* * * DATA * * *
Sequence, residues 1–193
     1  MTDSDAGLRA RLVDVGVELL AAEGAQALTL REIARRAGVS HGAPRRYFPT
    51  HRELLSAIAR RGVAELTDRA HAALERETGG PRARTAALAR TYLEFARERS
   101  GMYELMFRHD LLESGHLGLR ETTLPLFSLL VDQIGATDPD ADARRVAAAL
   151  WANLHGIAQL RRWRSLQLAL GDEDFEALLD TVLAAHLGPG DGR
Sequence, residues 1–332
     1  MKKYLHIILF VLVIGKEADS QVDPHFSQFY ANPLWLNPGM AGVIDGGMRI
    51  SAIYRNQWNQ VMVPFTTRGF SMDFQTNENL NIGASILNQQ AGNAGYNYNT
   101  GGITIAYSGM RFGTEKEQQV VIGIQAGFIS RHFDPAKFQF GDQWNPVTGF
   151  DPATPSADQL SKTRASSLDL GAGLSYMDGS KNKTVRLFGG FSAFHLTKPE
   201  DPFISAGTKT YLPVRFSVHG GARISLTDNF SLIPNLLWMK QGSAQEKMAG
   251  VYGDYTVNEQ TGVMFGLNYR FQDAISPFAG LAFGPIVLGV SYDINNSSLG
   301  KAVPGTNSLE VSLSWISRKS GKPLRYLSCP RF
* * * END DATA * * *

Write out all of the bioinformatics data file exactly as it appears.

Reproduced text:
Sequence, residues 1–193
     1  MTDSDAGLRA RLVDVGVELL AAEGAQALTL REIARRAGVS HGAPRRYFPT
    51  HRELLSAIAR RGVAELTDRA HAALERETGG PRARTAALAR TYLEFARERS
   101  GMYELMFRHD LLESGHLGLR ETTLPLFSLL VDQIGATDPD ADARRVAAAL
   151  WANLHGIAQL RRWRSLQLAL GDEDFEALLD TVLAAHLGPG DGR
Sequence, residues 1–332
     1  MKKYLHIILF VLVIGKEADS QVDPHFSQFY ANPLWLNPGM AGVIDGGMRI
    51  SAIYRNQWNQ VMVPFTTRGF SMDFQTNENL NIGASILNQQ AGNAGYNYNT
   101  GGITIAYSGM RFGTEKEQQV VIGIQAGFIS RHFDPAKFQF GDQWNPVTGF
   151  DPATPSADQL SKTRASSLDL GAGLSYMDGS KNKTVRLFGG FSAFHLTKPE
   201  DPFISAGTKT YLPVRFSVHG GARISLTDNF SLIPNLLWMK QGSAQEKMAG
   251  VYGDYTVNEQ TGVMFGLNYR FQDAISPFAG LAFGPIVLGV SYDINNSSLG
   301  KAVPGTNSLE VSLSWISRKS GKPLRYLSCP RF